You see, this is why I don’t make New Year’s resolutions with regards to my writing (and I would have a link to a post here if I had actually finished writing it way back at the start of the year).
Last week I felt that I had a number of plans for the year and that was more than enough to be getting on with. Regular readers will understand that the biggest blocker I have is procrastination. Often its hard then to get through that and actually do something creative, so planning to have 3 pieces of self published works in 12 months (now 9… gulp!) was always going to be a challenge. I was (and am) up for it though.
Around about the same time I was wondering about the Drabbles that I had created over the past year. Of course the plan is to publish some of them with supplemental material not available on this website, but I wondered whether I could expand that and do a set for November’s NaNoWriMo. However, the idea of doing 500 x 100 word drabbles seemed much more daunting than 1 x 50,000.
Since my view of NaNoWriMo is to use the platform to perhaps do a project I’ve wanted to do for a while but haven’t completed, or just to have some fun, I started to think of alternatives. The idea then naturally evolved into looking at creating a set of short stories which would allow me to flex my creative muscles in this space and complete a new work.
That was the end of that I thought, and went back to tossing around other plans for other projects.
So, Sunday night I was lying in bed and thinking about someone driving around late at night in the rain. I don’t know why, I just was.
I should have known what was going to happen next.
My mind was wandering; Who was he? Where was he going? What tragedy would befall him when he got there?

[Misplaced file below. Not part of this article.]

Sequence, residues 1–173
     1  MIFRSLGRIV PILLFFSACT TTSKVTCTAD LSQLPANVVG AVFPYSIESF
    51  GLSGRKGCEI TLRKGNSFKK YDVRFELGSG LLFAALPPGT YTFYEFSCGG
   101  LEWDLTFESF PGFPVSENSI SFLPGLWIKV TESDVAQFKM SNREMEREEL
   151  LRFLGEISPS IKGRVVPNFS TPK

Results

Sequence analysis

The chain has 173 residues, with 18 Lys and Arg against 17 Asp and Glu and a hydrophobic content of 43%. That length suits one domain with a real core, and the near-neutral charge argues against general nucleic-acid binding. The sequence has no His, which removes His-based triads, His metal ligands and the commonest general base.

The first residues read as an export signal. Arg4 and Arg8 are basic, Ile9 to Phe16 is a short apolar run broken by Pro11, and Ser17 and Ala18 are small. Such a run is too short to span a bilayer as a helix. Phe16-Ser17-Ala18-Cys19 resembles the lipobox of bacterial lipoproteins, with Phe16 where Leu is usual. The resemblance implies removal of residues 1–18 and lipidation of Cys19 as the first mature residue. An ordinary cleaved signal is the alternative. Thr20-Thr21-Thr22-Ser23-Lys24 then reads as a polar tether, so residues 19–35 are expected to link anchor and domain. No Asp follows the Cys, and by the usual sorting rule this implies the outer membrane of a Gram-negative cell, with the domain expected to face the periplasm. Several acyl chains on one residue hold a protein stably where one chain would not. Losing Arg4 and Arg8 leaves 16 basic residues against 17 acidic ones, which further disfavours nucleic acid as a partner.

He was obviously travelling somewhere where danger would await. Was it an old mansion? A hospital? An asylum?
I fell asleep.
Finding a few minutes in a hectic day, I wrote this:
“One week ago, Doctor Horace Bryant was sitting on a beach pretending to read a book when in actuality he was using his newly purchased mirrored sunglasses to disguise the fact that he was ogling the topless young women who were jogging, playing volleyball or generally sunbathing. Now he was driving through torrential rain along what he was extremely confident was the most windy and inhospitable road in existence not only in theUnited Kingdom, but in the entire world including places not even visited by man.”
Immediately this was the start of what would be a framing story, wrapped around and linking 5-6 short stories. The genre was to be a mixture of comedy and horror (corror? homedy?) and would harken back to my love of 70s British portmanteau horror films (mostly from Amicus).
On the drive home, I had the premise of the first story set in my head and the background to the framing piece with Dr Bryant on the way to a new job and breaking down, only to find himself finding shelter in secluded Bed and Breakfast establishment where previous occupants have met horrible fates.
At home, after finishing off the normal duties including dinner, bedtime stories and catching up on “Homeland”, I started to write the notes down that my head was buzzing with. This led to about a page of bulleted notes about the first story “The Feet of Russell Chase” and some ideas for other short stories.
When I retired to bed, I thought about it some more and more scenes around the start of the framing story began to form. I didn’t write them down, but instead let them mull around in my head knowing that they would more than likely stick enough to allow me to write them down the next day.
I realise that I’m doing it again and decide to let you all know.
Oh, before I forget. The title? Portmanteau